Summer is here, Cottage Country is open for business, and many cold beers are flowing. All that’s missing is some great new music, and at GDW, we’ve got you covered. Here are four treats that you absolutely must hear while waiting for that next pint, that next swim in the lake, or that next party.
Union Duke, “Ladidadida”
I must confess to an adrenalin rush upon learning that Union Duke are back in the spotlight with a brand new single. Having always loved the soulful, indie-rock bluegrass that this Toronto based quintet are best known for, “Ladidadida” not only sees the band return, but come out swinging with this up-tempo summer treat. “This is the story [about] leaving behind what you love,” the band shares. “The unbridled bliss of making it back in one piece, the desperate highs [and] lows in between.”
Opening with a great vocal intro and breezy summer vibe, the anticipation for their traditional sound arrives quickly for those like me, who crave the banjo-centered attack courtesy of Rob McLaren’s exceptional picking skills. “Ladidadida is a gateway for those unfamiliar to all that folk music has to offer,” the quintet add. “[It] was written in about five minutes, and aside from arranging it as a band, the song itself changed very little from inception to now.” Listen carefully for some of the delights you can find during the 3:08 run time, from crafty changes of pace, to some doo-wop influenced harmonies. “We want to restore faith in those nostalgic for the past that the traditions of folk will live on in good hands,” they share. “After all, why can’t folk music be youthful and energetic while also being folk? Why can’t modern indie music contain great stories and tender lyrics?” All are perfectly good reasons for folk music to thrive, and with Union Duke, “more banjo” is pretty much guaranteed. Welcome back.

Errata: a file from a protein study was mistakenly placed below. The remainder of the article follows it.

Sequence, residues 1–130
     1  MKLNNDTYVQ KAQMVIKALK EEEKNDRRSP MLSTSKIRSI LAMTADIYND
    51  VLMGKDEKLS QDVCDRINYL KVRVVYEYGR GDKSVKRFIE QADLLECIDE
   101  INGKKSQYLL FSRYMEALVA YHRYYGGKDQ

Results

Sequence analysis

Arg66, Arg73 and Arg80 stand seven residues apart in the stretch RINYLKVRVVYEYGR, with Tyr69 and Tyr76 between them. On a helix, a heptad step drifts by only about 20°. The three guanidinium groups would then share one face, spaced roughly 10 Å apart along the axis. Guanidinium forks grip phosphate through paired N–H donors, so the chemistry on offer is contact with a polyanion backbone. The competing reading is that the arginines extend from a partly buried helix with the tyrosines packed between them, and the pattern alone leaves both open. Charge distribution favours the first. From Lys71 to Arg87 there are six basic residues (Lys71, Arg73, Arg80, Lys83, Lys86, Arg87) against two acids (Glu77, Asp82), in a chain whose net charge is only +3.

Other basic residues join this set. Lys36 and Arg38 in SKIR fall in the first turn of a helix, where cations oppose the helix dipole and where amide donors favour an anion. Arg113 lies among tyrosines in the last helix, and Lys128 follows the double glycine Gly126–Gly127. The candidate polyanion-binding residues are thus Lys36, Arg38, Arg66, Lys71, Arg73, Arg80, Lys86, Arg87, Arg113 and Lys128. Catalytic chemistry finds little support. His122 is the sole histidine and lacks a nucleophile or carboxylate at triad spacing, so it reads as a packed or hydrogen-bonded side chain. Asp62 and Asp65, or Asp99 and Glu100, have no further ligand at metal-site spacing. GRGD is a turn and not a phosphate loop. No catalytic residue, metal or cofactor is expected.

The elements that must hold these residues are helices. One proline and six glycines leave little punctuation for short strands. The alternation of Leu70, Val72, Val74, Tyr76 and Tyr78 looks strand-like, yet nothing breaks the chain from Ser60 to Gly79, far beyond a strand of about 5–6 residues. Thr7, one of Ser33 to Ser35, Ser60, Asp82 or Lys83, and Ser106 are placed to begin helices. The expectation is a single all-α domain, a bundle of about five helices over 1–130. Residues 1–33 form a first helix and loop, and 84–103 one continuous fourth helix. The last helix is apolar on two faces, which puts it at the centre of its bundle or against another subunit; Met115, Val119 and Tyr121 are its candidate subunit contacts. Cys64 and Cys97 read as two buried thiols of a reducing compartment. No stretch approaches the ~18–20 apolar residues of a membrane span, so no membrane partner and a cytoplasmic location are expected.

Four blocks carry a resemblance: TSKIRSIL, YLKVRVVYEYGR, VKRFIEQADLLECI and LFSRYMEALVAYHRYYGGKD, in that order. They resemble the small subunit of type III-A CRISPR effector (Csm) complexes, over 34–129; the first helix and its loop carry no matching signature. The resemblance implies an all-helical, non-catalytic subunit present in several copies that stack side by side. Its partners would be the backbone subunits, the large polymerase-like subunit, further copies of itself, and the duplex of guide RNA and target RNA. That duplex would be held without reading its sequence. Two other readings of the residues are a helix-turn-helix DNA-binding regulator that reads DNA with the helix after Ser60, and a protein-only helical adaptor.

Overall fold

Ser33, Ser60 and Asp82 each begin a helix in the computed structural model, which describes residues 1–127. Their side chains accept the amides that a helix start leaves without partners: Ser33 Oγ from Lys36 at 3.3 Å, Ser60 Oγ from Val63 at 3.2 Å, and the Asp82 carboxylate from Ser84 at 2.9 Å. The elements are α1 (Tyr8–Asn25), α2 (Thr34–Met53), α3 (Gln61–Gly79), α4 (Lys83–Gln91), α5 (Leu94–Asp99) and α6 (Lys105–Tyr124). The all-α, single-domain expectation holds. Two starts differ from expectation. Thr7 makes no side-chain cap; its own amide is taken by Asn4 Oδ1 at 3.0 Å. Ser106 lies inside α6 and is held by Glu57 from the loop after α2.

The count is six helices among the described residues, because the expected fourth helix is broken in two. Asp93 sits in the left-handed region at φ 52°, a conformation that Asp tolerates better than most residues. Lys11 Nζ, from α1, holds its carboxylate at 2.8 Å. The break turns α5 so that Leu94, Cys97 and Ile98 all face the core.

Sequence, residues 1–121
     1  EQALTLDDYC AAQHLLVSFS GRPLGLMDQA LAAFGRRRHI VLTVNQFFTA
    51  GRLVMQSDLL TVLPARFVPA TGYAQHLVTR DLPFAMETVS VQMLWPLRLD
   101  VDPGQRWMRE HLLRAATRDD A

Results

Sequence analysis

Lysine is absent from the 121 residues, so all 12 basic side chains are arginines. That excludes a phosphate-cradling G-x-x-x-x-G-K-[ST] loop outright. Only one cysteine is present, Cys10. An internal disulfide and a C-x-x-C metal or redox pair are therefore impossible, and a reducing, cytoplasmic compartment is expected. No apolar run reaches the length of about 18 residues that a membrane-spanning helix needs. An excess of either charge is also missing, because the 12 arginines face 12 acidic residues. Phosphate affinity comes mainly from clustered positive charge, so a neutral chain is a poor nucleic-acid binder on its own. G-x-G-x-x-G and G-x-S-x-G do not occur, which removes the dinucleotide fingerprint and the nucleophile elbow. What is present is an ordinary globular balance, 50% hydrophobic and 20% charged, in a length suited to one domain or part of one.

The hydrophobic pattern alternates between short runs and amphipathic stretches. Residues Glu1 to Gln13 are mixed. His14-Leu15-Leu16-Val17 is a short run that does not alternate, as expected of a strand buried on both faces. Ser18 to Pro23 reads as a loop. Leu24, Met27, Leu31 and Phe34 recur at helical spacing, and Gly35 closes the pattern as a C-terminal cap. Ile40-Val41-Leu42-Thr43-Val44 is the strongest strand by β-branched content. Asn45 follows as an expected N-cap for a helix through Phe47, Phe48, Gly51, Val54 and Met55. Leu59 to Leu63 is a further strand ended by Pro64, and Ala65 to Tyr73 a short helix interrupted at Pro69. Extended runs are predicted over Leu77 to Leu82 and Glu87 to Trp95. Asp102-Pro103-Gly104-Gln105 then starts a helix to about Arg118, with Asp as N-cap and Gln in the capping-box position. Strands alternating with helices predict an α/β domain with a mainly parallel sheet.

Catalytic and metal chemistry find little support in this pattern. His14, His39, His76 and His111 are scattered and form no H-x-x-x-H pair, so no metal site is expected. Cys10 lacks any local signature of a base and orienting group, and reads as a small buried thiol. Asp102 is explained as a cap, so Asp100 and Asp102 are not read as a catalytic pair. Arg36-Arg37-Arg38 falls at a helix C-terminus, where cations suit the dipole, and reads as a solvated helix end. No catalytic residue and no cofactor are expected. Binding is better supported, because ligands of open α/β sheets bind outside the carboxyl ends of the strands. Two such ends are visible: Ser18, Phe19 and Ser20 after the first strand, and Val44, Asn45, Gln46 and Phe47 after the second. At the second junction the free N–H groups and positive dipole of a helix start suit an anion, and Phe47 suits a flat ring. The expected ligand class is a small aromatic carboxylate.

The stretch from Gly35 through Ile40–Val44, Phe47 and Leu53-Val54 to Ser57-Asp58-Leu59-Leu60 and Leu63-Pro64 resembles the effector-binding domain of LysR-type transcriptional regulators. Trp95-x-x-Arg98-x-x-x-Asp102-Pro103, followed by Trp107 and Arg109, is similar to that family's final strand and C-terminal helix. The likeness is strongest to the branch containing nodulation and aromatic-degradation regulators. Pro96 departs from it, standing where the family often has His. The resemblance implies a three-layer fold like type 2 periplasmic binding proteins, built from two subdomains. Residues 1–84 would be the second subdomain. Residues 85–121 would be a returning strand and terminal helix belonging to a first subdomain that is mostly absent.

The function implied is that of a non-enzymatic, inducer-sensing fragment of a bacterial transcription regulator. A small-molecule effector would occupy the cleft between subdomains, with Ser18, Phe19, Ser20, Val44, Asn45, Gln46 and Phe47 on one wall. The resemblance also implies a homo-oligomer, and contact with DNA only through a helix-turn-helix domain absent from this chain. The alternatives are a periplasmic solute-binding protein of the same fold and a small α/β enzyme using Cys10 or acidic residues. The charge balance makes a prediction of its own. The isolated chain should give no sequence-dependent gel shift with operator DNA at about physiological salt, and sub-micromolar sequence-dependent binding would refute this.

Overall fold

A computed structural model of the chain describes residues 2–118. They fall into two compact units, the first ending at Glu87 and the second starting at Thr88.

Dan Moxon, “Where You Gonna Sleep Tonight”
Best known as the vocalist/guitarist of popular progressive-indie band, Bend Sinister, Vancouver native Dan Moxon’s latest solo release is a groovy, indie-soul slow burner of a track. “If you’re conflicted on whether to confront all the issues in your relationship, or break up and move on, this one’s for you,” he shares. “This is really about the push and pull of modern relationships. Not wanting to call it quits, but struggling with the [daily] distractions, busy lives and the trust between partners.”